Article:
Wednesday, April 28, 2010

Goldman Sachs ... came out looking good!

Dear Colleagues

Yesterday (April 27, 2010) present and former executives from Goldman Sachs (GS) were grilled by US Senators on Capital Hill. My take on the day was that Goldman Sachs showed very clearly why they are good ... why they did not lose really badly when the housing market went sour while everyone else did.

Personally, I thought the CFO was the most impressive ... simply because he seemed to have a deep understanding of what his job was ... to preserve the assets of the organization while allowing the organization to earn money. The CEO was way better than I expected ... again, exhibiting a great clarity about why Goldman Sachs existed, to serve global customers, and make money doing it.

The Senators preoccupation with a series of issues that bother Main Street, but are the core of any working capital market was, in my view counterproductive. The GS people clearly knew how their markets worked ... and the Senators, it seemed, either did not get it, or did not want to get it.

In due course the US legislators are going to pass some legislation that will complicate the life of the capital markets, make things more difficult to work within the rules, and essentially make things worse.

The hearings made it abundantly clear that the behavior of the Wall Street Banks was not what messed up the US economy ... but the behavior of the whole value chain of wage and fee earners in the sub-prime housing boom. This was not addressed on Tuesday, but was in a previous hearing. The house building industry grew as fast as it could and made substantial profits ... more than was reasonable. Land owners sold land to builders ... and profited more than was reasonable. All the professional actors did their paperwork, collected fees, but probably did not do what they really should have been doing to identify the stupidity of what was going on. The community bankers and others did the mortgage origination and collected the fees. All of these steps were done in a way that created a huge fee machine ... and this system never ran out of gas, simply because all of the mortgage paper was able to be sold out of the local system into a national and international capital market that had also figured out how to make money out of this paper.

Capital markets are all about monetizing a real transaction using paper ... it is called, I think, securitization. It is a very convenient process, and on balance very valuable for a sane society.

GS, it seems, figured out early on that the sub-prime securitization process had gotten out of hand, so they changed direction and reduced risk in this segment of the capital market pretty early on. Others who did not identify the need for direction change, either failed, or are struggling and are on taxpayer funded life support. GS got it right ... and they balanced their book ... reduced exposure ... very rapidly. Their clients ... were still in the buy mode for these securities a long time after GS had changed direction. Their clients still saw gold in these complex securities, though GS itself had moved on. Seems smart to me ... and nothing here should be illegal.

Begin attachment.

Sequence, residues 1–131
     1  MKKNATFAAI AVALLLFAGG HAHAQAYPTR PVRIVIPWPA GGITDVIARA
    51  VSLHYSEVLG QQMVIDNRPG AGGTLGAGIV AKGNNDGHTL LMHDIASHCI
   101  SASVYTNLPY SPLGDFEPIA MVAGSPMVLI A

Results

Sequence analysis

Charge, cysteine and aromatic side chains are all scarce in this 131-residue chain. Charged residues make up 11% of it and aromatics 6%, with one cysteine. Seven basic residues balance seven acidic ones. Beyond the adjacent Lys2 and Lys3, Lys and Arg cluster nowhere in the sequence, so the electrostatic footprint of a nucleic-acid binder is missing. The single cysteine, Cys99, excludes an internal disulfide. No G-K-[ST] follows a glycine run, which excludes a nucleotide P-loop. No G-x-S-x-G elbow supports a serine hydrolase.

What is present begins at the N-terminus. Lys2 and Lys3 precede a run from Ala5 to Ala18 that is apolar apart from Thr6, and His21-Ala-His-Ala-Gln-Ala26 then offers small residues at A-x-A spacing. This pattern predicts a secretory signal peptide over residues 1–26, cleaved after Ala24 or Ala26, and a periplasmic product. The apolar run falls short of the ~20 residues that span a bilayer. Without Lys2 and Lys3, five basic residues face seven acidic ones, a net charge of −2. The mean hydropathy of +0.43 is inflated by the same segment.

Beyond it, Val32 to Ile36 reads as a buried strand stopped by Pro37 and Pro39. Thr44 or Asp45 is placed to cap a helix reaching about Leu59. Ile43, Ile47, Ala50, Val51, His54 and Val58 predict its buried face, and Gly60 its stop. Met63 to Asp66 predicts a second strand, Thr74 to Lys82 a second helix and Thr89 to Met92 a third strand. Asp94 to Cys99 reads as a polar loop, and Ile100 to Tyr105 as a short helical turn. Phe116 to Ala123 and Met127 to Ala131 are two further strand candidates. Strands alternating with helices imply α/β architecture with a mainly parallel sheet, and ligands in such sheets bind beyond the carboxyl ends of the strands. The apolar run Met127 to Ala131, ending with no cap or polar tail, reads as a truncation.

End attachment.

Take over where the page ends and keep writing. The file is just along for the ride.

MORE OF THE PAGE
In my view, the question of the rating agencies and how they do their rating is much more problematic. I used to do risk management as the CFO of a company ... and we reduced risk by making sure we operated safely. This was a physical idea, not merely papering over potential problems. My cost of insurance was reduced by around 67% ... and my exposure to risk reduced at the same time. Real risk reduction produced real cost savings. But the rating agencies seem to be doing risk reduction simply by playing statistical games ... and not surprising they got it wrong.

But the big takeaway from all of this was that the profit metric is a totally inadequate measure of performance for economic actors in society. There absolutely has to be a measure of social impact in the internal management metrics and in the reporting to stakeholders. My take is that GS performed exactly as it was meant to perform ... and did not lose huge amounts of money in the process, while almost every other actor in the economy lost money. All the "little guys" on Main Street were happy when they were earning fees from the economic activities that would end up in the crash ... and set the stage for the crash. Most of Wall Street crashed ... most of Main Street crashed. All this profit ... and no solid socio-economic benefit from very much of it. The metrics were inadequate!

The capital market is needed ... the capital market ought to be an efficient tool for getting the allocation of capital right. But clearly the simple "profit only" capital market is not getting funds allocated to important things in a way that works efficiently. A hybrid capital market where both profit and social value are in play will change the market in ways that are important ... and in my view can set the stage for a sane, smart society.

Peter Burgess

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